If you want to hear a baroque oratorio that doesn't feature the Hallelujah Chorus, Philharmonia Baroque is presenting a rarity: Handel's Joseph and His Brethren. Nicholas McGegan conducts, with soloists Sherezade Panthaki (soprano), Gabrielle Haigh (soprano), Diana Moore (mezzo-soprano), Abigail Levis (mezzo-soprano), Nicholas Phan (tenor), and Philip Cutlip (baritone). Performances are 14 December at Herbst Theater in San Francisco, 15 December at First United Methodist in Palo Alto, and 16 and 17 December at First Congregational in Berkeley.

The San Francisco Symphony presents Christian Tetzlaff playing some of Bach's sonatas and partitas for solo violin in Davies Hall on 17 December.

Modern / Contemporary Music
The San Francisco Conservatory of Music New Music Ensemble presents a free concert on 1 December; Christopher Rountree leads the group in De Staat by Louis Andriessen, Sear by Tina Tallon, Corpus Callosum by Andrew Tholl, and Tuning Meditation by Pauline Oliveros.

The Left Coast Chamber Ensemble is performing a free concert on 3 December at the CARe Doug Adams Gallery at 2465 Le Conte Avenue in Berkeley, in conjunction with the gallery's current show, Seeds of Contemplation: Works by Arturo Araujo; the ensemble will be performing Testy Pony by Eve Beglarian, Chaconne by Dallapiccola, and additional music by Glière and Bach.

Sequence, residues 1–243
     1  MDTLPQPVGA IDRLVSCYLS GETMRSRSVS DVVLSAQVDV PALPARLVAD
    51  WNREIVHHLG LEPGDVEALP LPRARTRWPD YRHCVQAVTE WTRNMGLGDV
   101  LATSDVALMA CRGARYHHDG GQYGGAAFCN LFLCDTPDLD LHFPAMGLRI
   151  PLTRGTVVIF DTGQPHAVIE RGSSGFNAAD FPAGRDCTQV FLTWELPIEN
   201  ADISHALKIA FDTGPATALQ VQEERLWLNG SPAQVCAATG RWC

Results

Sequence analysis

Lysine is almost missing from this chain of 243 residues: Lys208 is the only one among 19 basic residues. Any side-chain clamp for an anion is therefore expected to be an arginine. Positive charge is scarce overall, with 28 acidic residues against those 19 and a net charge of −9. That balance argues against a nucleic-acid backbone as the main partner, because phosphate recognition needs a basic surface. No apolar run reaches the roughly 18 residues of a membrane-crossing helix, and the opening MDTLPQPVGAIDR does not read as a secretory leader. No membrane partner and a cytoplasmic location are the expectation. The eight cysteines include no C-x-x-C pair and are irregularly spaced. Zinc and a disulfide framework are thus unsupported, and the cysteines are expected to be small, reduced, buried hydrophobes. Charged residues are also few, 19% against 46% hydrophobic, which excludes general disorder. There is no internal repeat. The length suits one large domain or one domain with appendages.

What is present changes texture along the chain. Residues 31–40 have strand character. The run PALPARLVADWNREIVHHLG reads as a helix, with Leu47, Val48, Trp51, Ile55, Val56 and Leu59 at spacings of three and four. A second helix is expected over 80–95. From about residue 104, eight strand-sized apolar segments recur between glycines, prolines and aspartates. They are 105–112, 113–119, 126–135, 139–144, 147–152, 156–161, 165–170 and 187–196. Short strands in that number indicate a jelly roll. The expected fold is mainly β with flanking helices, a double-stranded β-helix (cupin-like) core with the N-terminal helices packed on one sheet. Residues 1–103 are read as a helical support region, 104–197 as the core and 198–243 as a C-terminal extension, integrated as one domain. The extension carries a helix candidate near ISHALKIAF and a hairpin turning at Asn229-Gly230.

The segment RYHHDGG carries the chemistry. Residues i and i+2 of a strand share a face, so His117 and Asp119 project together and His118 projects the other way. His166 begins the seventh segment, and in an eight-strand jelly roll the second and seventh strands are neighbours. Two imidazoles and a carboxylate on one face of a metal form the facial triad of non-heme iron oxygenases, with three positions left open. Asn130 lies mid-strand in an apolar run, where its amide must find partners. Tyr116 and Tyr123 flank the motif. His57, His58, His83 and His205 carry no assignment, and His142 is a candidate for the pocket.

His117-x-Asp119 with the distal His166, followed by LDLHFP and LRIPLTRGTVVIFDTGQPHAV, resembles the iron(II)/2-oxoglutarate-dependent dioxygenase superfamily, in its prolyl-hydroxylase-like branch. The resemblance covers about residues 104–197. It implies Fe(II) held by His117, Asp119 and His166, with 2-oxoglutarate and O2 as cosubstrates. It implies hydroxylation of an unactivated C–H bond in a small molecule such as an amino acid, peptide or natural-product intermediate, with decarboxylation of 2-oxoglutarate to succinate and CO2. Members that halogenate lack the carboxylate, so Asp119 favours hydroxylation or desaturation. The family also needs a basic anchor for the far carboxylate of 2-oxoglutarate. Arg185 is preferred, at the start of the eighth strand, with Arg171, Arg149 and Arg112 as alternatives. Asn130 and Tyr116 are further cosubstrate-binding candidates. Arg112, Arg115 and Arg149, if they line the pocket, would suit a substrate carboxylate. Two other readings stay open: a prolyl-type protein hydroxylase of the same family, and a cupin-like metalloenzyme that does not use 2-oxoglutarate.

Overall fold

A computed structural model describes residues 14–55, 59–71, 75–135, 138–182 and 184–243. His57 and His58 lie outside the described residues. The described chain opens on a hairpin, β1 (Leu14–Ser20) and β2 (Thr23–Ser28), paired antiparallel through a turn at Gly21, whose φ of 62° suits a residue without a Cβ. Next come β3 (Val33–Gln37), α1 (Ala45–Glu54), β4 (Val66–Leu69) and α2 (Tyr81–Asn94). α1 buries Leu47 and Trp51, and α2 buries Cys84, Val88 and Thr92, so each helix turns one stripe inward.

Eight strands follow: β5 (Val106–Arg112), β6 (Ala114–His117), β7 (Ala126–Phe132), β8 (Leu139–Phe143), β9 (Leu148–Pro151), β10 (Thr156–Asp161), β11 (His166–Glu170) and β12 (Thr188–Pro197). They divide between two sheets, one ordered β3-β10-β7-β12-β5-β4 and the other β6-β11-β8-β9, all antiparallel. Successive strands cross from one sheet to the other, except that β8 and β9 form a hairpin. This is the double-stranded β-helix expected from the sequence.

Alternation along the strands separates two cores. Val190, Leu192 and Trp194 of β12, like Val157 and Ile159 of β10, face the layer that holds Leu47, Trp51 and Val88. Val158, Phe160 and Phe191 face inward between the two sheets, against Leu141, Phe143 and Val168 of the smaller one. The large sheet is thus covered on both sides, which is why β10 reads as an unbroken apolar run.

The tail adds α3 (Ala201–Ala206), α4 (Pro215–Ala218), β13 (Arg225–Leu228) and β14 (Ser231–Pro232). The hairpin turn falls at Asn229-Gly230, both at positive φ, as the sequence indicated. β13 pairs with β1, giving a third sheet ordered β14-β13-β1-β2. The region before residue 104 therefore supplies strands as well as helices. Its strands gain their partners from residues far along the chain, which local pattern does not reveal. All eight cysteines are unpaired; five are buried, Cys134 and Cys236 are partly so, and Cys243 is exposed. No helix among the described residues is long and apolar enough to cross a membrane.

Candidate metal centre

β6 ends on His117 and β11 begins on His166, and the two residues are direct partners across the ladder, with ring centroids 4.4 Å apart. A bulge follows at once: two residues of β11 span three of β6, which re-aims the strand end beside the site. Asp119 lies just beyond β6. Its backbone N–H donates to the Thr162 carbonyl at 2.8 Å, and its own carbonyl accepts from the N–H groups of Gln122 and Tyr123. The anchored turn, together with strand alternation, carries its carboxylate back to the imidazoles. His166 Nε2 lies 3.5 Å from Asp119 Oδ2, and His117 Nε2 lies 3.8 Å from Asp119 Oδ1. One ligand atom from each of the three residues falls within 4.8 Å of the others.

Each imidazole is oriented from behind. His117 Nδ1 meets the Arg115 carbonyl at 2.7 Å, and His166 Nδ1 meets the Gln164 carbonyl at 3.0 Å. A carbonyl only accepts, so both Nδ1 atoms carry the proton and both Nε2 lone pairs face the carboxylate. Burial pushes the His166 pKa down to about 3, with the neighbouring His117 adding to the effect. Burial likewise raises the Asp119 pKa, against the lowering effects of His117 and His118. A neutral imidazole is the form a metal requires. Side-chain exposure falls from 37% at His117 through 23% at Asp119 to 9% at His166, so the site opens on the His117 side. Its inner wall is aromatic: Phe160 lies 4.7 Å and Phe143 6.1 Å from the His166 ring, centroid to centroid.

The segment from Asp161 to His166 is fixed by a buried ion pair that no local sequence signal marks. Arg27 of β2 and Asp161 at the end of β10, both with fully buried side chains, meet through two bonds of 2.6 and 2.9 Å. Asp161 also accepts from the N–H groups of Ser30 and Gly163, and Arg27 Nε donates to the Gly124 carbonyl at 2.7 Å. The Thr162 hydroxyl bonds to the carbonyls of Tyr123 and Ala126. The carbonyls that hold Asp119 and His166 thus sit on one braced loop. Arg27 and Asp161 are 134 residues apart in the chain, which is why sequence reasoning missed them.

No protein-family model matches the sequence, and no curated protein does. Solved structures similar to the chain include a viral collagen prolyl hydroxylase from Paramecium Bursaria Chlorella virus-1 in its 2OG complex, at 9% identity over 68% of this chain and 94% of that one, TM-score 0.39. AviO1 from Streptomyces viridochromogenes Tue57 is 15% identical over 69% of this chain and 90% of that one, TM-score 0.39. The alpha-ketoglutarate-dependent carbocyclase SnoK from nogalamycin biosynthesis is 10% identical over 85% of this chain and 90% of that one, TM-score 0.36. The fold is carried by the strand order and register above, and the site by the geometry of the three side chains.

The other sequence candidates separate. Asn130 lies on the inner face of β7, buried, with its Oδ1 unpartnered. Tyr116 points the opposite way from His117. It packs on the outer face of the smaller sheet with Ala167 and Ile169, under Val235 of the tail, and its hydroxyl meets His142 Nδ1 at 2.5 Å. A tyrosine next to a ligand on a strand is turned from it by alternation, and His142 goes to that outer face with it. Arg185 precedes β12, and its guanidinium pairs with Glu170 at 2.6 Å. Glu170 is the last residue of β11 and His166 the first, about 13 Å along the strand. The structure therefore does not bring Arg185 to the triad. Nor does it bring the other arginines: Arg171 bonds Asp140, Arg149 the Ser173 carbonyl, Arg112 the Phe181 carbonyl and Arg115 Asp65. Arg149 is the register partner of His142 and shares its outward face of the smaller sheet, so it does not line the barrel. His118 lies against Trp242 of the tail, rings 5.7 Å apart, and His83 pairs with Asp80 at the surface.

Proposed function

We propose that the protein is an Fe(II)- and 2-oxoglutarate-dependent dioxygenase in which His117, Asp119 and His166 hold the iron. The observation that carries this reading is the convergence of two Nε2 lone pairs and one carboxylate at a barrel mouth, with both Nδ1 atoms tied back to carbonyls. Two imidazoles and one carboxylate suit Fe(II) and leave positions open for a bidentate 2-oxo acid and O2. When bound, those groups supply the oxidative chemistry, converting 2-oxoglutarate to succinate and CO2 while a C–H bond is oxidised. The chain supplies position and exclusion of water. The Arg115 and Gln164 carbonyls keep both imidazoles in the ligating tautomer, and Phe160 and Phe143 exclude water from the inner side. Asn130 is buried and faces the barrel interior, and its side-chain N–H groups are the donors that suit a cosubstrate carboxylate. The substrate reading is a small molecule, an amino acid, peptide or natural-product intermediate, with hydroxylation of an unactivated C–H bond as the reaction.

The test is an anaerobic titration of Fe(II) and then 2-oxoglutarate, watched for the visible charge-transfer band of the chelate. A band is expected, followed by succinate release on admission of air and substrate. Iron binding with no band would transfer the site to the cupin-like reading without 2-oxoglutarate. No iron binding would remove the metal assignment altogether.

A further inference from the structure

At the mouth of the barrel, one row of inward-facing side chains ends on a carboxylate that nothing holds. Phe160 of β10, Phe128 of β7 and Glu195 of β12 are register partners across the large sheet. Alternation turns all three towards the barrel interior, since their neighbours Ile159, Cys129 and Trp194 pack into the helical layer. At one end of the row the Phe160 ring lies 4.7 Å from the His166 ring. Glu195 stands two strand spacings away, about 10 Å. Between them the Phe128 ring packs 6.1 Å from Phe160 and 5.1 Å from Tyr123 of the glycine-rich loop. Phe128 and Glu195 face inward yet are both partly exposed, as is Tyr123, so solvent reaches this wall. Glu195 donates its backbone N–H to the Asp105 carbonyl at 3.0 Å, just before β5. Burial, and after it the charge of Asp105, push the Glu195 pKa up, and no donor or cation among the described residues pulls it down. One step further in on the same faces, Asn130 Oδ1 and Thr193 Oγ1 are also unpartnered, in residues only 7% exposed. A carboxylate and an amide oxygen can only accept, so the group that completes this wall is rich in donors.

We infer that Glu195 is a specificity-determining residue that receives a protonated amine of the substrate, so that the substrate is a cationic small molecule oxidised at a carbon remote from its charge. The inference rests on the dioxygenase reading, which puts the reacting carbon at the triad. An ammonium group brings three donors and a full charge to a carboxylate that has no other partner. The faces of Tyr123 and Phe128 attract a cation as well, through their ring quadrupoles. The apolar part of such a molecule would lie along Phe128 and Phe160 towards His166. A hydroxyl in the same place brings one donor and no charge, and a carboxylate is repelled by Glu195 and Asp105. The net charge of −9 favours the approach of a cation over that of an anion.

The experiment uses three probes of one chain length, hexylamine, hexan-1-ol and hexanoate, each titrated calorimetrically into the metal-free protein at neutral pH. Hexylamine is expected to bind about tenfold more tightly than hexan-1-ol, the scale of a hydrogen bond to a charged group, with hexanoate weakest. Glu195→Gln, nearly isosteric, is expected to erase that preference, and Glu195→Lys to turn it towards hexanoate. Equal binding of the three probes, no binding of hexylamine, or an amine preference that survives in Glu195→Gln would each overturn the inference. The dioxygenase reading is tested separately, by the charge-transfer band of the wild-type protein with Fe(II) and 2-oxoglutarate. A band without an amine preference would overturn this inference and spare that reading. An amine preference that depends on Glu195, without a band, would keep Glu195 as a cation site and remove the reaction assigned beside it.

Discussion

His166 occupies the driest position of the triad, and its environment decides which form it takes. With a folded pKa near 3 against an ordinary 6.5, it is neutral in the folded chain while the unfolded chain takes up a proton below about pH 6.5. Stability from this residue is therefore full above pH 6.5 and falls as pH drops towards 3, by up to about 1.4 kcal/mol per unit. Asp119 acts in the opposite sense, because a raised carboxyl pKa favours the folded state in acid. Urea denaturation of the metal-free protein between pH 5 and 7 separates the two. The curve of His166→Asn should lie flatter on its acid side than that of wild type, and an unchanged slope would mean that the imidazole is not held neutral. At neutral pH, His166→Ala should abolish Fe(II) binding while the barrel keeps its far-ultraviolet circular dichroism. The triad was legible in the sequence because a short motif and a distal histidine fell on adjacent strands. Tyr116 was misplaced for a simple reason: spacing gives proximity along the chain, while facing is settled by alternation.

Cal Performances presents flutist Claire Chase in two concerts (4:30 and 8:30) of new music she has commissioned, part of her on-going project of commissioning new works for solo flute until we reach the centennial of Varèse's 1936 piece Density 21.5. I assume the program is different for the two concerts though that's not really clear on the site. The program will be at the Berkeley Art Museum / Pacific Film Archive.

As always, check out the calendar at the Center for New Music, which has new events added frequently.

Cal Performances presents tenor Simon O'Neill, along with fellow tenors Pene Pati and Amitai Pati and pianist Terence Dennis, in recital on 3 December in Hertz Hall, performing Beethoven, Donizetti, Rossini, Wagner, Richard Strauss, Mozart, and Cilea.